An estimated 13 million people are living with osteoporosis in Japan.1 The bone disorder results in painful and disabling fragility fractures, often leading to long-term loss of mobility and independence in older adults.2
Despite the immense burden of fragility fractures, an estimated 80% of the annual 200,000 patients who experience a hip fracture due to osteoporosis in Japan don’t get treatment for osteoporosis. In addition, the one-year continuation rate of osteoporosis medications after a hip fracture is only about 20%.3 In order to address this significant care gap, the Japanese Fracture Liaison Services (FLS) reimbursement scheme has been updated as of April 1st, 2022. The reimbursement scheme will provide major improvements to post-fracture patient care and the prevention of secondary fractures. By covering the evaluation for continuous secondary fracture prevention, it will ensure that patients who have suffered a hip fracture will be automatically assessed for osteoporosis and given necessary treatment, in line with FLS clinical standards and osteoporosis treatment guidelines from relevant academic societies.
Professor Takeshi Sawaguchi, the president of Fragility Fracture Network Japan (FFN-J) stated:
"Secondary fracture prevention is essential in that an initial fracture greatly increases the risk of dangerous recurring fractures. A Japanese study showed that compared to the general population, women aged 65 years of age and over who sustain an initial hip fracture are four times as likely to sustain an additional hip fracture."3
Hip fractures are the most serious and life-threatening of osteoporosis-related fractures, resulting in a profound loss of function and independence among survivors. Approximately 33% of patients require nursing care in the year following the fracture.2
Professor Naoto Endo, the president of Japan Osteoporosis Society (JOS), added:
“The key to effective post-fracture care and secondary fracture prevention is the implementation of Fracture Liaison Services (FLS) in all hospitals that treat fracture patients. Such multidisciplinary, coordinator-based services help ensure that after an initial fracture patients are appropriately diagnosed, treated, and monitored to prevent recurring fractures. We applaud the new FLS reimbursement scheme which will be of immense benefit to the well-being of our hip fracture patients.”
Through its Capture the Fracture® (CTF) program, IOF advocates for and supports the establishment of FLS in the Asia Pacific and around the world. CTF currently comprises a network of 737 FLS in 50 countries, including 46 in Japan, and a total of 148 in the Asia Pacific region. As well, IOF works closely in collaboration with other medical and advocacy organizations in the region to support secondary fracture prevention initiatives.
Professor Cyrus Cooper, president of IOF and founder of the Capture the Fracture® program, welcomed the updated Japanese FLS reimbursement scheme and emphasized the importance of supporting FLS development in Japan and the region as a whole. He stated:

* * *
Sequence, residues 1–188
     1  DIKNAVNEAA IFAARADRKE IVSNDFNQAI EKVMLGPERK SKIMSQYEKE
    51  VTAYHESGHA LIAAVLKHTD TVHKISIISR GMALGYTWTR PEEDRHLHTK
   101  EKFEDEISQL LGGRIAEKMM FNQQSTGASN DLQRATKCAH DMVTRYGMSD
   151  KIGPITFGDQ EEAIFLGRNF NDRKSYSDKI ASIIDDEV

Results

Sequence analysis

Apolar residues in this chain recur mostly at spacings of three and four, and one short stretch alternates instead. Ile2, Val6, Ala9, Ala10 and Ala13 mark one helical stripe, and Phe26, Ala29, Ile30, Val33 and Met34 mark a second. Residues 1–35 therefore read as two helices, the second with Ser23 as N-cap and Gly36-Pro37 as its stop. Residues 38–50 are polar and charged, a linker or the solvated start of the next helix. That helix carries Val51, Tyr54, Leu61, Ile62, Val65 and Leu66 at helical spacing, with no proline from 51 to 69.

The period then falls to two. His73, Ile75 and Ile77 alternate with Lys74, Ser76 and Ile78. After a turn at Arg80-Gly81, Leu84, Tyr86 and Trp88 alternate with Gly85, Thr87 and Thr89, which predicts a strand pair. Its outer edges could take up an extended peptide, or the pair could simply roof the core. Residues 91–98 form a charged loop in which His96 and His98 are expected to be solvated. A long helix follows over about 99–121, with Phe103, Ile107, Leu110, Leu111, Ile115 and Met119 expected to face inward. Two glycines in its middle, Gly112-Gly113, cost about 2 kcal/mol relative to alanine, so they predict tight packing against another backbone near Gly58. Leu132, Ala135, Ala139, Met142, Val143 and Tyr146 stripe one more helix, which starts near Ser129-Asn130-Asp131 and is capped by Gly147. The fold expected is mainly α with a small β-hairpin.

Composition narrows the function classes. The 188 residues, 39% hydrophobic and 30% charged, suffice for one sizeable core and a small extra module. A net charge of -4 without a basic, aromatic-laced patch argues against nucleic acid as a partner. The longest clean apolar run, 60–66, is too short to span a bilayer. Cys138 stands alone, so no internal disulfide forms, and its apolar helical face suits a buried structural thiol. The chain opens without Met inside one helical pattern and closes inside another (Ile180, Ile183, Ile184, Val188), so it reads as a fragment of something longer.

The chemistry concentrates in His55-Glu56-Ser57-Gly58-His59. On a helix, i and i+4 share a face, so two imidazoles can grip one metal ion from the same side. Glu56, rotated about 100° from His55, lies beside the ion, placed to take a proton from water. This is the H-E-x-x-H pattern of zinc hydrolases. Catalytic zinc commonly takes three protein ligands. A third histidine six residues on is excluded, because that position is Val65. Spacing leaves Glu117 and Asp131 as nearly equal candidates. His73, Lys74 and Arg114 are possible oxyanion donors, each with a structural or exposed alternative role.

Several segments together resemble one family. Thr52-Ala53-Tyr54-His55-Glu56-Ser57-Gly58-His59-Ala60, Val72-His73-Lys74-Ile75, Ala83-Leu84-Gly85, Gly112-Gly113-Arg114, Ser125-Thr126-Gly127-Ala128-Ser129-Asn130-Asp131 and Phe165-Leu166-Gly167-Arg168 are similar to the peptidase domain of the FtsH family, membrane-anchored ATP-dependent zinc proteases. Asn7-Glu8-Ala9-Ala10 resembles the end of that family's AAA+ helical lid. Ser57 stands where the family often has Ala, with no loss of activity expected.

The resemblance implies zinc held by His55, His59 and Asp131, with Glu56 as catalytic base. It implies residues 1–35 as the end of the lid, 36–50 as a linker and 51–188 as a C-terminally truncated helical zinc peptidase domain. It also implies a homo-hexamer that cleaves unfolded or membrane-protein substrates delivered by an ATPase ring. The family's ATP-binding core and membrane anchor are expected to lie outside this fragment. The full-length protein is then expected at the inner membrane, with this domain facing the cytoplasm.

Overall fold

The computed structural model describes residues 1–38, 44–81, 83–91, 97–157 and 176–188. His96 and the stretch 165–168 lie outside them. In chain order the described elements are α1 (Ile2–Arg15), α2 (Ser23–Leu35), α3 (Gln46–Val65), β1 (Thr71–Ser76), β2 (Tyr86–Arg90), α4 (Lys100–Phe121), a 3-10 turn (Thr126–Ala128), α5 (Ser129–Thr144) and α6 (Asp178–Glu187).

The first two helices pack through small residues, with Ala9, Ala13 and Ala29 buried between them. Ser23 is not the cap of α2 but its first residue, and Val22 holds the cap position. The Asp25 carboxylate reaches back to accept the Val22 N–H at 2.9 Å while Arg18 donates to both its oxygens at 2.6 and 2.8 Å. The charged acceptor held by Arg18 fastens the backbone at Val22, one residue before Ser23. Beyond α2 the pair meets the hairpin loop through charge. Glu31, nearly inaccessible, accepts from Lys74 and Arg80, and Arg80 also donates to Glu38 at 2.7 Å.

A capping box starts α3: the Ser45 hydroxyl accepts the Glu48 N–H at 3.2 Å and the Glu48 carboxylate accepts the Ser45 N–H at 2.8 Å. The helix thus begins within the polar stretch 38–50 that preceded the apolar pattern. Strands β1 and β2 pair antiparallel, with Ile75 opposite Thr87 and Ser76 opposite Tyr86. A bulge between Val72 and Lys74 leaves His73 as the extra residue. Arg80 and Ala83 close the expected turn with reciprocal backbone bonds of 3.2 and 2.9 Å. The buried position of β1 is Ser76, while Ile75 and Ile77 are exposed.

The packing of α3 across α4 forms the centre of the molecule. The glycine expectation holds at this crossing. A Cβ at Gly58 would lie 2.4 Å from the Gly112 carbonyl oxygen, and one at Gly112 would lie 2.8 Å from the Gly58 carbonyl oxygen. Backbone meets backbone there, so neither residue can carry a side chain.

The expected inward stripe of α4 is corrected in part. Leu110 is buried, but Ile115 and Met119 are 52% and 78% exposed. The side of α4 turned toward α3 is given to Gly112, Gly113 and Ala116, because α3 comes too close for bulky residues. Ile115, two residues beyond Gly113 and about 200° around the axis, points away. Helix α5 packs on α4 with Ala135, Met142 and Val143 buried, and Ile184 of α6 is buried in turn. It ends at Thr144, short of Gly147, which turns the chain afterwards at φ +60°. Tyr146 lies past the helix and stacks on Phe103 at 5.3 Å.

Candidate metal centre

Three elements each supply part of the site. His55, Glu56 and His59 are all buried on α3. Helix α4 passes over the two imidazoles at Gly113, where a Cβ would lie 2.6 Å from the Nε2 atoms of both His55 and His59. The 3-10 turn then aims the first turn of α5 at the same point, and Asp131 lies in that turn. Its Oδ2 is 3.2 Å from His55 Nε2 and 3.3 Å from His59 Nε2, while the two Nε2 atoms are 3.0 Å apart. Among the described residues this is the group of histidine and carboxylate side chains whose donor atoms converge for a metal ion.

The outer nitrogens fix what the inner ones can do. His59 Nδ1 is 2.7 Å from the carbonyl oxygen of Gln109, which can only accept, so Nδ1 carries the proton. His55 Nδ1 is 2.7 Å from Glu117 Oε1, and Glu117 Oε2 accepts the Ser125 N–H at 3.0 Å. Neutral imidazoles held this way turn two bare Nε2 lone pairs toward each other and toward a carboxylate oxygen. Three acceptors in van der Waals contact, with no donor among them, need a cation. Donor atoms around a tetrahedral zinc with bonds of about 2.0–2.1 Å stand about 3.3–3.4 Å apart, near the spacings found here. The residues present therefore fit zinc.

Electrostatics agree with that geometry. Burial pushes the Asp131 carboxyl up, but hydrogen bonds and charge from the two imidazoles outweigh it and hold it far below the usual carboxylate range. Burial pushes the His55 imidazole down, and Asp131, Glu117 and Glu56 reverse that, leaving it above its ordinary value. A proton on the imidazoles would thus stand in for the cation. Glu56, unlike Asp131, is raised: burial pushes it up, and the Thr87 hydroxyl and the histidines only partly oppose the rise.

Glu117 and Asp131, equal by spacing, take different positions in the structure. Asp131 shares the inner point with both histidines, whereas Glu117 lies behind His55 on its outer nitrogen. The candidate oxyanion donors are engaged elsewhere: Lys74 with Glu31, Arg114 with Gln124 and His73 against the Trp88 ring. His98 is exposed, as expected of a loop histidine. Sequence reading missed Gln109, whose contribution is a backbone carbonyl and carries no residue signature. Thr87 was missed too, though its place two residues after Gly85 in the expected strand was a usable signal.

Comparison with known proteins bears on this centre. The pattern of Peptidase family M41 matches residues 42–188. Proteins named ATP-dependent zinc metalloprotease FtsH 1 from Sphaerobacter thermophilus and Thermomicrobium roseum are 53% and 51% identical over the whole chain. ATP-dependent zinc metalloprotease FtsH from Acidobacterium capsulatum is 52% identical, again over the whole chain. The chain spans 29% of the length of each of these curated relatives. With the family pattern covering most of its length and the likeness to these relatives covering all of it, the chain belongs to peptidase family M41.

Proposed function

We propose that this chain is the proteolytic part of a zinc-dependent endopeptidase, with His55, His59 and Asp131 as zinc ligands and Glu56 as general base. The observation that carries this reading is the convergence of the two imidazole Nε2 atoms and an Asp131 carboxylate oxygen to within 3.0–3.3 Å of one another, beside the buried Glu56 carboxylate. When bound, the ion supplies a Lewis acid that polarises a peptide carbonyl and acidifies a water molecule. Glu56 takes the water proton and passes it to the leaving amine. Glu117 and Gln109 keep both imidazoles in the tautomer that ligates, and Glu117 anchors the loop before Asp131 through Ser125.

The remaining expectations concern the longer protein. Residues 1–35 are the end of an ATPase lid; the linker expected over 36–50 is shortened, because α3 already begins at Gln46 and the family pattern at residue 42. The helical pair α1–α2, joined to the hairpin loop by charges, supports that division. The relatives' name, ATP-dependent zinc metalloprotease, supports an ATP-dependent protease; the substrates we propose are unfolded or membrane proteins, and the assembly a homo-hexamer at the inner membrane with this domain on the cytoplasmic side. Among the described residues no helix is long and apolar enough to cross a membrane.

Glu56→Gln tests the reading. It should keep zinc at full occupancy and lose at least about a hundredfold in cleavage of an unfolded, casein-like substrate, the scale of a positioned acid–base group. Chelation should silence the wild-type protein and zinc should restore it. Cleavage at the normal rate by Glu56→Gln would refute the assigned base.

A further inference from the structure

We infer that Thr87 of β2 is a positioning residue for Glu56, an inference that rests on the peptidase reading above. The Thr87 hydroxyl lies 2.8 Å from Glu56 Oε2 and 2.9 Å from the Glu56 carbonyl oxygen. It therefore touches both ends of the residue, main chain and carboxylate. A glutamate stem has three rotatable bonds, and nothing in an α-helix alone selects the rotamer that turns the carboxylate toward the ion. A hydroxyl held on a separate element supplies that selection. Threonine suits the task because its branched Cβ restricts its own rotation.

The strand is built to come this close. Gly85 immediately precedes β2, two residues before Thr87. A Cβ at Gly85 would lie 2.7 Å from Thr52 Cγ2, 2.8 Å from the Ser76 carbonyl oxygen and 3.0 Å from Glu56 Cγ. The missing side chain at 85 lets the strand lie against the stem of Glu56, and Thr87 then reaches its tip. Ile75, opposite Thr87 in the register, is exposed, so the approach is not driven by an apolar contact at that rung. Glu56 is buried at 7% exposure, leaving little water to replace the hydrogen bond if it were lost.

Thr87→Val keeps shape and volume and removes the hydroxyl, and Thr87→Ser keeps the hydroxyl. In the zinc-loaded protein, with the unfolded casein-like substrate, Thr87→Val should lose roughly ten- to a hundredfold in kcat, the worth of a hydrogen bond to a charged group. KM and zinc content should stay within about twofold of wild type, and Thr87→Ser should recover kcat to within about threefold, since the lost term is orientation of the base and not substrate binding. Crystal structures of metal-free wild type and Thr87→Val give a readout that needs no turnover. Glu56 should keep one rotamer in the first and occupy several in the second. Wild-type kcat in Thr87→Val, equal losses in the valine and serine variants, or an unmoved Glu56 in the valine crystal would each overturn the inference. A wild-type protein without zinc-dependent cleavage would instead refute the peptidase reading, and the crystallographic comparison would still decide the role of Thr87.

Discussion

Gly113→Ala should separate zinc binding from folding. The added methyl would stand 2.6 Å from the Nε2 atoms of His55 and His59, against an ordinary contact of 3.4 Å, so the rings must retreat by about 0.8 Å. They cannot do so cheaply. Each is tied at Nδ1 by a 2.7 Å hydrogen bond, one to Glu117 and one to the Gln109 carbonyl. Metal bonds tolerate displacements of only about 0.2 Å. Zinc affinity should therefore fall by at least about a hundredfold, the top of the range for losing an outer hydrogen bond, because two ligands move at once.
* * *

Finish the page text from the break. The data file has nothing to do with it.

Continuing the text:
“This development will help ensure that fracture patients receive better post-fracture care, leading to improved patient outcomes and reducing the risk of secondary fractures. These advances are urgently needed given that Japan has one of the longest life expectancy rates in the world, with 37% of the population projected to be aged 60 or older by 2050.”4
“The fragility fracture treatment gap is a global problem. We urge other countries in the Asia Pacific region and around the world to take note of the improvements in Japan. By strengthening the delivery of post-fracture care through the implementation of Fracture Liaison Services within their health care systems, all countries can act to improve the well-being and independence of their older populations.”
1. The Japanese guideline of osteoporosis treatment & prevention 2015
2. International Osteoporosis Foundation. https://www.osteoporosis.foundation/facts-statistics/epidemiology-of-os… Accessed 11.04.22
3. Hagino H, Sawaguchi T, Endo N, et al: The risk of a second hip fracture in patients after their first hip fracture. Calcif Tissue Int 90: 14-21, 2012
4. Population projections for Japan, 2001-2050, The National Institute of Population and Social Security Research, 2002.
The International Osteoporosis Foundation (IOF) is the world's largest nongovernmental organization dedicated to the prevention, diagnosis, and treatment of osteoporosis and related musculoskeletal diseases. IOF members, including committees of scientific researchers as well as more than 300 patient, medical and research organizations, work together to make fracture prevention and healthy mobility a worldwide heath care priority. https://www.osteoporosis.foundation @iofbonehealth
About Capture the Fracture®
Capture the Fracture® (CTF) is a multi-stakeholder initiative, led by the International Osteoporosis Foundation (IOF), to facilitate the implementation of Post-Fracture Care (PFC) Coordination Programs, such as Fracture Liaison Services (FLS), for secondary fracture prevention. The CTF initiative, now celebrating its 10th year of service, aims to drive changes at local and regional levels to prioritize secondary fracture prevention. It sets global best practice standards and offers recognition for Fracture Liaison Services (FLS) through its Best Practice Framework. CTF also provides essential resources and documentation to build the case for prioritization of secondary fracture prevention and to help drive the implementation and quality improvement of FLS. Mentorship programs that support the development of FLS at the local level are also offered.
Currently, the CTF network includes 737 FLS in 50 countries worldwide. FLS are invited to apply for free assessment and recognition via the CTF website’s online Best Practice Framework application platform. https://www.capturethefracture.org #CaptureTheFracture